Do I have a talent I could use in crowdsoucing? Good question!! Probably photography, but as we know it’s stiff competition out there now that so many people have access to the same tools to produce something for mass sale. I’m interested to see what other people have to say here.

    1. I think stock photography what me my most likely source of crowdsourcing at work. We also might look for graphic designers to work on projects if we needed too. I think crowdsourcing would be a great way to earn extra money, but I just have to figure out what I could excel in.

  2. I think the company I work for could definitely use crowdsourcing. We already outsource certain jobs to freelancers, so I don’t see much of a difference. I think we’d just have to provide the crowd with our brand standards and guidelines (especially when it comes to designer), otherwise I think it would be a waste of time. We have been trying to get more involved in community events and are now even hosting a weekly farmers’ market. I think projects like this could definitely benefit from crowdsourcing. Since it’s less “healthcare” oriented, these types of projects might be more fun to see what alternative marketing ideas people could come up with. I would definitely particpate in a Jam if I could. I think the best way to become better at what I do is by learning from others and hearing others’ ideas. I would imagine it makes you think outside your daily workload and can help spark your own creativity. Unfortunately, I don’t think I have a talent or hobby that I could crowdsource, but I think if there was a product I liked, I could help brainstorm something about it or try and help with a solution if a company I was familiar with sought out some type of information. I definitely think after this week’s readings, I’ll be more apt to look into crowdsourcing opportunities.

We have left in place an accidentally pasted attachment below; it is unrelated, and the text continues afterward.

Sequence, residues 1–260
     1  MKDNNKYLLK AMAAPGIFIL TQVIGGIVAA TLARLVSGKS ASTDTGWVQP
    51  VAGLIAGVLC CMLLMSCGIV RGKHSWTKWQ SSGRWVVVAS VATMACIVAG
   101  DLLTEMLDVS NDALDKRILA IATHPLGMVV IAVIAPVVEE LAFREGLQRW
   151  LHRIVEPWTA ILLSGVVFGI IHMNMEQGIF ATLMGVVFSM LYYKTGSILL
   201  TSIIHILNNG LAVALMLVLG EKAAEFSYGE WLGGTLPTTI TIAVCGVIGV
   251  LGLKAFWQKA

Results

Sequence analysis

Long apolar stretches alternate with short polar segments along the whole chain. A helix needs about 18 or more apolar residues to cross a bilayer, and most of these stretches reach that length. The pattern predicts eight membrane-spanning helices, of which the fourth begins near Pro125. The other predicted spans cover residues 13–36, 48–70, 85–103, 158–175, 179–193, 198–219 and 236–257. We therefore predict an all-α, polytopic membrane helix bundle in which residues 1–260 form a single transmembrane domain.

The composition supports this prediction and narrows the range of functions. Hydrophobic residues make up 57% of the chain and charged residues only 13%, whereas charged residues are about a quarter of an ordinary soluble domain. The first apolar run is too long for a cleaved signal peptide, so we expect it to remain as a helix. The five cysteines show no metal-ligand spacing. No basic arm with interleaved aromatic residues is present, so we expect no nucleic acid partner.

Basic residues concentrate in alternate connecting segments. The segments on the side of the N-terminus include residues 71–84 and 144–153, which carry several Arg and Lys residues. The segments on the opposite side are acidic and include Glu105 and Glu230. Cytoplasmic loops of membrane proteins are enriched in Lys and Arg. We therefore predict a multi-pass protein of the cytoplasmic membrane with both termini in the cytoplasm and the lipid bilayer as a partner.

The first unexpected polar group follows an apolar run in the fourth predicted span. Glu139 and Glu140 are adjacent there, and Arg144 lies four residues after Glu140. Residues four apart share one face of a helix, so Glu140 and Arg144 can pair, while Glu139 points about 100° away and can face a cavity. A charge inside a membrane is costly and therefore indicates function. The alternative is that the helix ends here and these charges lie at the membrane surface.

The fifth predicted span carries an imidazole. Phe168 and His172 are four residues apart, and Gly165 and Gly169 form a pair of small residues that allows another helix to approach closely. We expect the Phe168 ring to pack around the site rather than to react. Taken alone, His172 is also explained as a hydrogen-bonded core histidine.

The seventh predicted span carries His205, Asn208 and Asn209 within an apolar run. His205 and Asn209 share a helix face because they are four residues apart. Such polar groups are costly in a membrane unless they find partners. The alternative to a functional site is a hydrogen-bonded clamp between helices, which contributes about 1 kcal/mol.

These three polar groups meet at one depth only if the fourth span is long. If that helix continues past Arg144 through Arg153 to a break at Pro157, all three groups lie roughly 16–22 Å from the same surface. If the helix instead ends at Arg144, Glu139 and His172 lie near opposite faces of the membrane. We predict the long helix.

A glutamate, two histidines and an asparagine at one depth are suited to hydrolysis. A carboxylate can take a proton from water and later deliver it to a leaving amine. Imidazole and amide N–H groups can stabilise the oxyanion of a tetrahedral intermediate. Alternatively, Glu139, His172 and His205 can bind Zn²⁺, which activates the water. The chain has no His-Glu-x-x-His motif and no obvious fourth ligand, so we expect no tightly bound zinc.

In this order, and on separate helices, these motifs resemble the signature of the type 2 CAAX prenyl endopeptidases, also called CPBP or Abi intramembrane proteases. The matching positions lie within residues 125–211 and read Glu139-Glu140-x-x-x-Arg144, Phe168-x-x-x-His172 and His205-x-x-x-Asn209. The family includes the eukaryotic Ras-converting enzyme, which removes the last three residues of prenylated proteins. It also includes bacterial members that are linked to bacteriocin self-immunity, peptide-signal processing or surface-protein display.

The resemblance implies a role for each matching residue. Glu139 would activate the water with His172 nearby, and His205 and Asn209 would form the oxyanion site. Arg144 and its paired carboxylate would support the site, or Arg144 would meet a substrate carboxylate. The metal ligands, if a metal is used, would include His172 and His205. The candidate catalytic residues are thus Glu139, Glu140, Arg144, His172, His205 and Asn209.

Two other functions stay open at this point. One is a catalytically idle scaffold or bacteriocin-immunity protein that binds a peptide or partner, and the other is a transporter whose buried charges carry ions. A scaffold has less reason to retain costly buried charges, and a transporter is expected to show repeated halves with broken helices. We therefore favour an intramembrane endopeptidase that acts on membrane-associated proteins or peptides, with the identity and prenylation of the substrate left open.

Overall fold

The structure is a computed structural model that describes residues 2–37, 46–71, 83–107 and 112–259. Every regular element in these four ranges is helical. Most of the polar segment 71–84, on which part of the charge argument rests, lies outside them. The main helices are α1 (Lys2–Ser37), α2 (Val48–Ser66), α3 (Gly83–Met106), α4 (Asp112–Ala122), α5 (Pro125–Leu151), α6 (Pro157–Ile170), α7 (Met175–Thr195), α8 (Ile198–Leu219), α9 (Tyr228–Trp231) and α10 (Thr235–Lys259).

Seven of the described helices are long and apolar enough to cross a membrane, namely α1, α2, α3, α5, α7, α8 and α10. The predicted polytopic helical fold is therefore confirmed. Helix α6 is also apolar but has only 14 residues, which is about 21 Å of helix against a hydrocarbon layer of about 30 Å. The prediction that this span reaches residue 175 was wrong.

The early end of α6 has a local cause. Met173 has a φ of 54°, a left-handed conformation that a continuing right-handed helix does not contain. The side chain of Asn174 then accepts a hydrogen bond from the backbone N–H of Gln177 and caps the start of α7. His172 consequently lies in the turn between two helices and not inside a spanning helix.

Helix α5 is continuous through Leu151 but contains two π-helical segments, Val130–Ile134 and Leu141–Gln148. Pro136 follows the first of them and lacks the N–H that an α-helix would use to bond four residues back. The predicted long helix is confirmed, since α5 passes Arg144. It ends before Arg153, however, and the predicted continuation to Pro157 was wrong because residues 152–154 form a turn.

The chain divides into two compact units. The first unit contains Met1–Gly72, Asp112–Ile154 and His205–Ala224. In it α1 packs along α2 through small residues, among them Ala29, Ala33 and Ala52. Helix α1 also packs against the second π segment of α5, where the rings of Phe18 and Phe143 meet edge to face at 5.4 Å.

1. I think I too will now look for more crowdsourcing opportunities that my job could take advantage of. Web development agencies are so expensive, so we might be able to go that route if we need some web dev done for specific projects.

  3. Stacy,

    My company does engage in crowdsourcing. Verizon Wireless is always looking for innovative ideas utilizing technology in the healthcare and educational sectors. Check out this article http://news.verizonwireless.com/news/2013/04/crowdsourcing-innovation.html

    Yes, I would participate in a Jamming conversation. I actually think they are cool and very beneficial to everyone involved. I like to hear and see other peoples opinions and ideas regarding various topics.

    Mmmm, as far as my skills go? I guess you could say I could be crowdsourced to come up with effective models for interpreting in different companies. I have several ideas that I think a bunch of companies (especially in the medical field) could benefit from. And I also have an amazing idea for producing better and more reliable news content. i think the TV news format needs a dramatic makeover and I have an idea that I believe will deliver the news we need to hear while also helping TV stations retain their audience and still be able to generate advertisements. What about you? What are your skills that you can crowdsource?